Part 1- All Stock Mods 

    "Tamiya instruction designers hate you... "

     There is really no other way to explain why the assembly instructions contain all the steps you need to build a really bad truck with under an inch of ground clearance.   Nevertheless, I followed them to the letter, and wound up with exactly what I thought I’d get when I first looked at the kit…a neat truck with a ridiculously high disposition and a ground clearance that would make it hard to crawl over a salt shaker.

     Before I could even stand to look at it, the body had to come down.  Sitting as high as it was, it looked like some absurd child’s toy designed by a madman with a crack habit.  

     Since I had the MaxClimber kit, that was simple enough.   All it took was lowering the little rubber tubing that determines where the body rests, maneuvering the body as low as it would go.   The outer fenders required a little trimming for wheel clearance, but all in all, it looked great.   That, of course, brought up the first question.   Why does Tamiya have you build it to look, well, dumb…when you can build it to look better with the same parts?

    Once the absurd body problem was taken care of, the next major issue had to be addressed…ground clearance.   Like a lot of people, my first choice was to run out and get 2.2” stadium truck wheels and some stadium truck tires.  That helped with ground clearance, going from about an inch to just under an inch and a half, but I just didn’t like the look.   The tires were too big and the truck tended to roll over more than it had without them, so I put the stock tires back on.

    It was time for plan B.   

    I took a good long look a the chassis, and decided that the cantilever links, the links that connect the cantilevers to the axle, control the ground clearance.   So I made them longer by unscrewing the rod ends.  Measuring between the ends of the rod ends (the metal parts only), I extended them to 14mm.   You can use the gold wrench that came with the kit as a guide…the end of the wrench with two openings should just be able to squeeze between the plastic parts.  I put the wheels back on and put the truck on the table, only to discover that there was very little difference.   After a moment of frustration, I realized that the shocks needed to be adjusted.  Using the thicker shock clip in the kit (an unused part) remedied the situation.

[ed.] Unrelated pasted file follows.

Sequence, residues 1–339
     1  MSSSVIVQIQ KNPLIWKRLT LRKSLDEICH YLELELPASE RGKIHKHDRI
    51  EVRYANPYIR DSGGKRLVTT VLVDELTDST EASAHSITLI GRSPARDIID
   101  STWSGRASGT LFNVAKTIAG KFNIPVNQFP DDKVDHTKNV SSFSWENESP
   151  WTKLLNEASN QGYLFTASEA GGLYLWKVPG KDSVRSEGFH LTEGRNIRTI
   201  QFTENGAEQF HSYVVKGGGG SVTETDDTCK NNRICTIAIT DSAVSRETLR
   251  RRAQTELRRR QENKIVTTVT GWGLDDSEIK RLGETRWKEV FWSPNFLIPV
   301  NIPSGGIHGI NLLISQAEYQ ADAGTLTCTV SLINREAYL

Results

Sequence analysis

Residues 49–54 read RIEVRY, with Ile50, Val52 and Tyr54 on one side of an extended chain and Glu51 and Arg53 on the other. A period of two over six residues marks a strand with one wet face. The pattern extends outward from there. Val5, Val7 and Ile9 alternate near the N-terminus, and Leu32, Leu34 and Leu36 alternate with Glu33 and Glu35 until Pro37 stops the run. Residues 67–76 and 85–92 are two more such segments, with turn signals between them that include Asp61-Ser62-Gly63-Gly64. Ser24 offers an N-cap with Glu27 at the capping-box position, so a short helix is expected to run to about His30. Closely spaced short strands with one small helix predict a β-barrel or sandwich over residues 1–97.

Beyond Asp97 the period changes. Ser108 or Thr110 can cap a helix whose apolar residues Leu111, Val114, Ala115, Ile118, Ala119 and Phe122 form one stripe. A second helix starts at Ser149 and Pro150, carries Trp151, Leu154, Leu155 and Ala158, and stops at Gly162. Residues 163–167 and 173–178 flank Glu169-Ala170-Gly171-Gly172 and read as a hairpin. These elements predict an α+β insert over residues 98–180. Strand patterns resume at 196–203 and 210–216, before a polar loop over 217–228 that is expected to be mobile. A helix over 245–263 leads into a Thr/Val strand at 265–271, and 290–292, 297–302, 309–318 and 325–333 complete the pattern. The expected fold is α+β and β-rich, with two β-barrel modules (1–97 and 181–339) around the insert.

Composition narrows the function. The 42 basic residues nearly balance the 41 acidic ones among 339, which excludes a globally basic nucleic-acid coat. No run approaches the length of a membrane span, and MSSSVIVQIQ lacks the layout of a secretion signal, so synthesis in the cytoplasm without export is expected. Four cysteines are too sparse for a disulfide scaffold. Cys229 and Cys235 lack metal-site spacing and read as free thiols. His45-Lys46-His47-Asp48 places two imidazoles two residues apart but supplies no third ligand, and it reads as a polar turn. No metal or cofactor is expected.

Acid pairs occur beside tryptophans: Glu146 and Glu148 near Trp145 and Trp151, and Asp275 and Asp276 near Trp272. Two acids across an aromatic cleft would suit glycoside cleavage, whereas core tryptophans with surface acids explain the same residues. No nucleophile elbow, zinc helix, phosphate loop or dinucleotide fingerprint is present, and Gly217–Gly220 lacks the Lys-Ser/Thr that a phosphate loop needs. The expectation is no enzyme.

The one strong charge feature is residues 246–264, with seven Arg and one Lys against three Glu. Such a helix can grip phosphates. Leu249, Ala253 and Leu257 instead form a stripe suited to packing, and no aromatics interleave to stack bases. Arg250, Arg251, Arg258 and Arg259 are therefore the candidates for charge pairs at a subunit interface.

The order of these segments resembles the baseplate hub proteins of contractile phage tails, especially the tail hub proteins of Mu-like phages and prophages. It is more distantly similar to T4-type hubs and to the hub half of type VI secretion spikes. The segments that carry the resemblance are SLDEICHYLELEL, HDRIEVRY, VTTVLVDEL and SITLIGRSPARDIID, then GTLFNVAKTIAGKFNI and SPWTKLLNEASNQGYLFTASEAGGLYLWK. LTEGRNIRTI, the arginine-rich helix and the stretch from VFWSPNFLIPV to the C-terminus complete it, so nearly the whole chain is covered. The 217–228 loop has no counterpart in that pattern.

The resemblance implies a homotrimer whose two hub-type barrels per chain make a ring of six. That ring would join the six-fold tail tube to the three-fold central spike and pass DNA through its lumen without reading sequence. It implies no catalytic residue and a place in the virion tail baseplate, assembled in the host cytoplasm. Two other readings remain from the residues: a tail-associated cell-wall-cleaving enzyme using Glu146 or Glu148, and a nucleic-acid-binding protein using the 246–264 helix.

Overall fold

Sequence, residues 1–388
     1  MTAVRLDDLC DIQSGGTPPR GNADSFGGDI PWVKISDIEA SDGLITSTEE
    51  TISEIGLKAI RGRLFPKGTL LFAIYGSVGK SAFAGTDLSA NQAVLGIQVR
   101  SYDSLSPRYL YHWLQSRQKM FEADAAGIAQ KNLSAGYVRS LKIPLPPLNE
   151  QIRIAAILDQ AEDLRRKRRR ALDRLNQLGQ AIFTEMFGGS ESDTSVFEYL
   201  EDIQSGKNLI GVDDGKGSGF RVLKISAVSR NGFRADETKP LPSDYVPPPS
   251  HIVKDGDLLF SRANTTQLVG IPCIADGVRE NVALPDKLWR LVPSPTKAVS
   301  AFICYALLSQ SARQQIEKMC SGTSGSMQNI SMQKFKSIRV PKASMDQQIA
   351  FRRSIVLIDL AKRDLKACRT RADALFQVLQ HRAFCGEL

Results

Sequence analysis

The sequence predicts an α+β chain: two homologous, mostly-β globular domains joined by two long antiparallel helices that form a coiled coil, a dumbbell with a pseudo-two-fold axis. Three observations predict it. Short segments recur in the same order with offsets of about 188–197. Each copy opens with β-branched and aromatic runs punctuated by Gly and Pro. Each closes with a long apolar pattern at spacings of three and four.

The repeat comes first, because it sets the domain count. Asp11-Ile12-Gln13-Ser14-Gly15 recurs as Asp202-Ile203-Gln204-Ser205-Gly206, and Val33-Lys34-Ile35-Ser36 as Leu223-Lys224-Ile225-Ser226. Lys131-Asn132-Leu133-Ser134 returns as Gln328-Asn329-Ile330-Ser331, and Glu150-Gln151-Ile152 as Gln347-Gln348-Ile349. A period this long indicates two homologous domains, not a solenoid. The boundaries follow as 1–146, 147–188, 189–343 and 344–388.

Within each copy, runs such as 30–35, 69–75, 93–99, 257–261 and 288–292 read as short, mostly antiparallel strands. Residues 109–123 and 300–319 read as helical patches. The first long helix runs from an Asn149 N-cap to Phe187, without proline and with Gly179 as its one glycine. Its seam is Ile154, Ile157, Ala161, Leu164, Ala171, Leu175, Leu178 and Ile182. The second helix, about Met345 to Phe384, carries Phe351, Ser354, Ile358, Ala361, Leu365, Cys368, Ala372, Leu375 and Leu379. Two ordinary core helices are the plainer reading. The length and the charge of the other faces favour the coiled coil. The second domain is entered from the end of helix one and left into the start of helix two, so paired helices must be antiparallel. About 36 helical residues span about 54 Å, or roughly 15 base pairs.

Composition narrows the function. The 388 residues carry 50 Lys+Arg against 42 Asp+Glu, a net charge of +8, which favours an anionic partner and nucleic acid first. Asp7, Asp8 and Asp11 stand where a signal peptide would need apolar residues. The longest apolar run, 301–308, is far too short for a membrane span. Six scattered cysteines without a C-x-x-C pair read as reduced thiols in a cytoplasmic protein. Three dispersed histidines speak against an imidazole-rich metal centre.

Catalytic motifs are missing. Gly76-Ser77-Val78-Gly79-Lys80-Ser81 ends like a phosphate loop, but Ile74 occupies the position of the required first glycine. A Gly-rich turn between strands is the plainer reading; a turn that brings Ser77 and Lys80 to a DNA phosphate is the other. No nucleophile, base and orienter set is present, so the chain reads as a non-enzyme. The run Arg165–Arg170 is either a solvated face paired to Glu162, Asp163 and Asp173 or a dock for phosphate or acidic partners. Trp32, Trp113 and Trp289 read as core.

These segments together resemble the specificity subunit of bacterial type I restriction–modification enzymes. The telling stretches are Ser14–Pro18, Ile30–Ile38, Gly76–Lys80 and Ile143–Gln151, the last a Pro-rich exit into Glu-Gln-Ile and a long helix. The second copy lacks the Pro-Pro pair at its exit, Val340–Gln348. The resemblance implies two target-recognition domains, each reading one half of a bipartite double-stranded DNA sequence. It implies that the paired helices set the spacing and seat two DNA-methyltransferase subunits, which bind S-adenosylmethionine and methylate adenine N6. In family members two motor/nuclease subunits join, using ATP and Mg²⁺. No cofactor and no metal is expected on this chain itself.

The result was nothing short of amazing.   Almost 1.5 inches of ground clearance with the stock tires, just as much as was gained by switching to the ungainly stadium truck wheels!

    However, as most mods do, this one affected something else.  There was now a slight clicking coming from the drivetrain…the stock dogbones were binding.

    Once again, this called for a long hard look at the chassis.   There are three links that connect the axles to the chassis:  the cantilever links, the upper links, and the lower links.   The lower links control the distance of the axle from the chassis, and together with the upper links, they control the angle of the axle relative to the chassis.  In essence, making the lower links longer (while keeping the upper links the same) rotates the axle down, so that the outdrive points at the ground.  Decreasing their length relative to the upper links rotates the axle up.   The opposite is true of the upper links.

    After some tinkering, I increased the length of all the links to the following measurements (once again, measure the metal part of the rod between the rod ends only):

      lower links: 45mm 
    upper links: 34mm 
    (cantilever shock links stay at 14mm)

    This increased articulation significantly, as you can see.  The stock setup can barely clear a spray paint can (the small kind).

    However (there it goes again), the dog bone is not long enough and falls out immediately.   There are two ways to remedy this: find a slightly longer dog bone, or be stubborn and refuse to give up on the idea that this kit could be built better out of the box.